Students Discuss Complex Issues Prompted by Kathryn Erskine’s Mockingbird

Submitted by Professor Bryan Crandall on December 22, 2011

In early December, Dr. Emily R. Smith, Associate Professor and Coordinator of English Education, and undergraduate students, Tara Brennan and Jessica Giordano, hosted an event at the Fairfield University Bookstore to discuss Katherine Erskine’s young adult novel, Mockingbird. Dr. Smith and her students guided a difficult conversation about tragedy, coping with death, and tolerance. “Events like this are extremely important,” reflected Jessica Giordano, a student in the new 5-year teacher education program. “They foster an interest in reading for young adults and maintain an atmosphere where youth feel comfortable discussing important issues.”

Erskine’s Mockingbird received the 2010 National Book Award for Young People’s Literature and was the 2011 American Library Best Fiction for Young Adults winner. It is the story of Caitlin, an eleven-year-old girl with Asperger’s, who strives to bring closure to her brother’s tragic death. Caitlin, like a mockingbird, navigates beyond the black/white nature of her Asperger’s to help her father, school, and town heal from the school shooting that impacted their lives.

Students in Dr. Smith’s Literature for Young Adults class read Mockingbird and thought an ideal outcome for the course would be to invite others to discuss the book at a community event. Smith’s literature class provides opportunities for future teachers and English majors to explore a variety of texts written for adolescents. “Young adult literature is a genre that has the capacity to engage readers across ages and generations, across gender and geography” discussed Dr. Smith. “It demands and supports us to wrestle with issues and ideas present in our communities and world. Such literature has the courage to address them head on in ways that other genres do not.”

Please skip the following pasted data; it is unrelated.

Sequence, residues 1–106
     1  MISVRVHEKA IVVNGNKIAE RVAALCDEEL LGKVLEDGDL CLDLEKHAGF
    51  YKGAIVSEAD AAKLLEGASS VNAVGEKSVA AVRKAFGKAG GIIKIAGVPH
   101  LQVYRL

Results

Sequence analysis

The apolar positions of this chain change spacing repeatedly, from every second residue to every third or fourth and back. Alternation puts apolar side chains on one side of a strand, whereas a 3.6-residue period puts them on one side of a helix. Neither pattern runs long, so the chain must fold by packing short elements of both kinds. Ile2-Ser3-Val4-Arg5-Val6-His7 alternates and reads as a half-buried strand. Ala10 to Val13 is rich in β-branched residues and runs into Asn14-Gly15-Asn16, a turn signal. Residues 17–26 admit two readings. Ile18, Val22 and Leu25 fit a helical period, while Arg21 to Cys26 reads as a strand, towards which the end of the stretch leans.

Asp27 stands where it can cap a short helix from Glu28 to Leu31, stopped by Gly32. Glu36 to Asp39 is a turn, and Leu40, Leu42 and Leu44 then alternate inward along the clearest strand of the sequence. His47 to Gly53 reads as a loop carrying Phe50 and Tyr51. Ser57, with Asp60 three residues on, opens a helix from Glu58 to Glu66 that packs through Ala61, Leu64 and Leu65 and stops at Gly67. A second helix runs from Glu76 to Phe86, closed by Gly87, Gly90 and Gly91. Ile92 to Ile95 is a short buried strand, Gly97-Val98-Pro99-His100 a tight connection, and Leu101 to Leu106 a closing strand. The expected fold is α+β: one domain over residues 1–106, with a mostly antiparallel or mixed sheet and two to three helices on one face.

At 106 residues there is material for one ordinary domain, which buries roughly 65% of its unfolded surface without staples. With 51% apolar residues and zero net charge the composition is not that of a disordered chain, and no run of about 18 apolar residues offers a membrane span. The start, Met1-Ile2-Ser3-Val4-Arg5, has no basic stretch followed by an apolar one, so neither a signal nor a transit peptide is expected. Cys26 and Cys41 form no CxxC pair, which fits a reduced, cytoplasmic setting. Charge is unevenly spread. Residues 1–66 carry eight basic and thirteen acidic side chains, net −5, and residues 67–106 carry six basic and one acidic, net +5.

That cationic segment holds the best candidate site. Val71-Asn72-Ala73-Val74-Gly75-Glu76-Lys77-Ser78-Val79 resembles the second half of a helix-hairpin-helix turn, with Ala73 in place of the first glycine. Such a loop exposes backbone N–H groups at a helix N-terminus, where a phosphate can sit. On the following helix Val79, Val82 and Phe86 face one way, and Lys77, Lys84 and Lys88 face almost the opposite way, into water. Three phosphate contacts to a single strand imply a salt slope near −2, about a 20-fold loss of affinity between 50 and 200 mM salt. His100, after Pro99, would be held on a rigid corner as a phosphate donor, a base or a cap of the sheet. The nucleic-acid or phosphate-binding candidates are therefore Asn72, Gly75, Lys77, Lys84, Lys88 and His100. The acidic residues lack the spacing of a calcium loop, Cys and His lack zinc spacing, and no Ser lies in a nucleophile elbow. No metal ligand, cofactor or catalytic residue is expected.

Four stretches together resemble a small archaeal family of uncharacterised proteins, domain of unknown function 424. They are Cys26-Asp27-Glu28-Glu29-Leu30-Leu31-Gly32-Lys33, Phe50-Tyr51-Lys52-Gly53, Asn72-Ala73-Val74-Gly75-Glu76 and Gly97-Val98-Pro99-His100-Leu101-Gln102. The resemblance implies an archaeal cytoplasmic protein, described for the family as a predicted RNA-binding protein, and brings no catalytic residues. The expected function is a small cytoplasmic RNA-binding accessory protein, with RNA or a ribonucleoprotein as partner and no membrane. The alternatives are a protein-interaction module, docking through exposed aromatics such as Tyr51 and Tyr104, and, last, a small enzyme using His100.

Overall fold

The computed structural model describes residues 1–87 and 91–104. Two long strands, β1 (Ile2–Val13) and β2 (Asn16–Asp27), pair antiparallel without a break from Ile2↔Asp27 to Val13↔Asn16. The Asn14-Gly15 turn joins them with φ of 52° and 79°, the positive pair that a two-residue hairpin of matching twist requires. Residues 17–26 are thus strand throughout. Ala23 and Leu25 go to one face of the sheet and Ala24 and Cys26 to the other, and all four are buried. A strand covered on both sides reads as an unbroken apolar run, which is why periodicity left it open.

Erskine’s Mockingbird introduced several “grown up” issues to middle school readers and Tara Brennan and Jessica Giordano, both undergraduate students in Smith’s class, guided a conversation between them, parents, grandparents and teachers. The event provided a safe space for adults and children to discuss the novel and its themes together. “I appreciated the intergenerational and egalitarian nature of the group,” reflected Dr. Pat Calderwood, “We had something to learn from the insights of people older or younger than ourselves.”

Many parents and grandparents remarked that the community event opened a doorway to discuss complex ideas and that sharing Mockingbird as a way to discuss difference, acceptance, and perseverance. “There was a huge turn out,” reflected Jessica Giordano. “I was amazed by the insights and comments made by the young people. I joked with Tara that the students’ discussion was more advanced and in-depth than the one our class had.” The mature insight of the middle school youth was impressive.

Keep an eye out for future books discussions at the Fairfield University Bookstore in the spring.

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